UK Family Law Reform

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Law creates underclass of child criminals

Rosemary Bennett 9th June 2008

Britain has been condemned as a bleak place for children, where thousands are needlessly criminalised for misdemeanours and where the gap between the education and health of the rich and poor is growing.

The four Children’s Commissioners for England, Scotland, Wales and Northern Ireland have issued a report for the United Nations condemning the punitive youth justice system and the vilification of teenagers as yobs.

The commissioners say that Britain is breaching the Children’s Rights Convention in several areas.

The number of crimes committed by children fell between 2002 and 2006, but, according to research cited by the report, convictions rose by 26 per cent, leading to fears that a young criminal underclass is building. In the past misdemeanours were dealt with by cautions; the trend now is for police to bring charges.

Britain detains more children than any other country in Western Europe, with 2,900 under18s locked up in the past year. Thirty children have died in custody since 1990, yet there has never been a public inquiry into conditions in youth detention centres.

The report for the UN was written jointly by Sir Al Aynsley-Green, the Children’s Commissioner for England, Keith Towler, for Wales, Kathleen Marshall, for Scotland, and Patricia Lewsley, for Northern Ireland. The four were appointed by Labour as the guardians of children’s interests.

The UN is assessing whether the Government has fulfilled its obligations under the Convention on the Rights of the Child. Britain is assessed on its performance every five years.

In 2003 the UN criticised the UK for being one of the few developed countries to allow children to be smacked – a punishment that breaches the convention. The Government says that it has no intention of changing the law.

The commissioners’ report cautions that antisocial behaviour legislation has resulted in more children being drawn into the criminal justice system.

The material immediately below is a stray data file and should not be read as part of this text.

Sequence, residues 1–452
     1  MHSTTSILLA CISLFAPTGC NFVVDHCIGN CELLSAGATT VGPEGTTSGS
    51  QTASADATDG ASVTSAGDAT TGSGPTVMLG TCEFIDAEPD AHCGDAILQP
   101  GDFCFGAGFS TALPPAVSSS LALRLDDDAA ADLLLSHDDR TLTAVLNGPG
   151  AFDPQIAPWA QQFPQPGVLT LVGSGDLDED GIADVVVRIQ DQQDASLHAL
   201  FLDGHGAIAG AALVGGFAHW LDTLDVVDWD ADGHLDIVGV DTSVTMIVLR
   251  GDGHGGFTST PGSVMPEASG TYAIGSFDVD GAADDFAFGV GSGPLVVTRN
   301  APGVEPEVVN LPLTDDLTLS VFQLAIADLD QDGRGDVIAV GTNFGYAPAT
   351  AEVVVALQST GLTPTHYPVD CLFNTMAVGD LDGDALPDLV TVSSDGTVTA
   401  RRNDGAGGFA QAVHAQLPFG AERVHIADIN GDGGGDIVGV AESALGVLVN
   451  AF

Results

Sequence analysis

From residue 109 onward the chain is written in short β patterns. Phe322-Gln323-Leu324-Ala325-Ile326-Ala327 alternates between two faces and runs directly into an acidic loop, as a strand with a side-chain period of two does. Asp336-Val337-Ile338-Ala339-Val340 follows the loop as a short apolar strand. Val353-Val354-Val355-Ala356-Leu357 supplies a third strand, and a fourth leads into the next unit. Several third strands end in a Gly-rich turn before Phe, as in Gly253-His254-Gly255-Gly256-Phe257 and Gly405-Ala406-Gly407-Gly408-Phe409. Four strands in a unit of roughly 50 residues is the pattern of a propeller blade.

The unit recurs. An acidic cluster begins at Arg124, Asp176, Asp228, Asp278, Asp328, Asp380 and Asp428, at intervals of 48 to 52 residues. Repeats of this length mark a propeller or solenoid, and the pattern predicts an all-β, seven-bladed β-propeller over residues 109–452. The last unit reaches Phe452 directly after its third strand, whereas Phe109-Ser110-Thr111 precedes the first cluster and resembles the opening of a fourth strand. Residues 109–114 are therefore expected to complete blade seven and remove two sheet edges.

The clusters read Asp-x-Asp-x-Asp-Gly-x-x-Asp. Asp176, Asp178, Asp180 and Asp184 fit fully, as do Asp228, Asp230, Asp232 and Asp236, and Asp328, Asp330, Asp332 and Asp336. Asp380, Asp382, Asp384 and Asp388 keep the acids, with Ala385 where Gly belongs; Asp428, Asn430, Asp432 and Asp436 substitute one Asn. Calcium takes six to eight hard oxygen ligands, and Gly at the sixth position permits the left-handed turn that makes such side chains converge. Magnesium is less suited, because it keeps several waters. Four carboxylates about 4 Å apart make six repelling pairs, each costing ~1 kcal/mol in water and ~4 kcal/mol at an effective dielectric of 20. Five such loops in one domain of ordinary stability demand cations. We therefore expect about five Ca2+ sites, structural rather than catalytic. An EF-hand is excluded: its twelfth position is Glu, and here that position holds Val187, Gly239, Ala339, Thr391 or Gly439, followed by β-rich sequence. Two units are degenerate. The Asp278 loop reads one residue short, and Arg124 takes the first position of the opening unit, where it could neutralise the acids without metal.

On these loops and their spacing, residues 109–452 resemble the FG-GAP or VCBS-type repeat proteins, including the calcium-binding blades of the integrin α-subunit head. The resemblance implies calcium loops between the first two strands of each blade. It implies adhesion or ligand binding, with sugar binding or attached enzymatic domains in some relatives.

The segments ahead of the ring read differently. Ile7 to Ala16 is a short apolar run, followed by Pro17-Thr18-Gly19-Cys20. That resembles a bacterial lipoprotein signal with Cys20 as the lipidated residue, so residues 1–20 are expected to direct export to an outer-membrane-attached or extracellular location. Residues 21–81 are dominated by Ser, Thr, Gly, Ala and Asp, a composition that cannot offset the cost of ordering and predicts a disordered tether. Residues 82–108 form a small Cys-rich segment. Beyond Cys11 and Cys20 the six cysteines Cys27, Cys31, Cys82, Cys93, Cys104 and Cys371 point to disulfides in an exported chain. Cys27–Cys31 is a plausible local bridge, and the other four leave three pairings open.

Children who receive ASBOs can have their names and photographs published – a breach of their right to privacy under the UN convention, the authors said. They also attacked the use of the legislation to break up groups of law-abiding young people who are simply “hanging around”.

The report was bleak about children’s health and education services. One in ten children aged between 5 and 16 has a clinically recognisable mental disorder, it said.

Improvements to the health of poorer children have been minimal, while richer youngsters are fitter and better fed than ever before. There is increasing evidence that poorer children are not getting access to proper health care, particularly dental care. More than 1.3 million children live with parents with drink problems. Teenage girls who live in deprived areas are still four times more likely to become pregnant than those in affluent areas.

The report also questioned whether enough was being done to end child poverty. Poor families pay out a bigger proportion of their income in tax than richer families and punitive prepay tariffs often mean that they pay much higher prices for gas and electricity.

The report accuses the media of consistently portraying young people as thugs or yobs. Research found that in 2005 71 per cent of all media stories about young people were negative and that one third of articles mentioning young people were about crime.

“The Government must urgently address the widely held intolerance of children in public spaces,” the report says.

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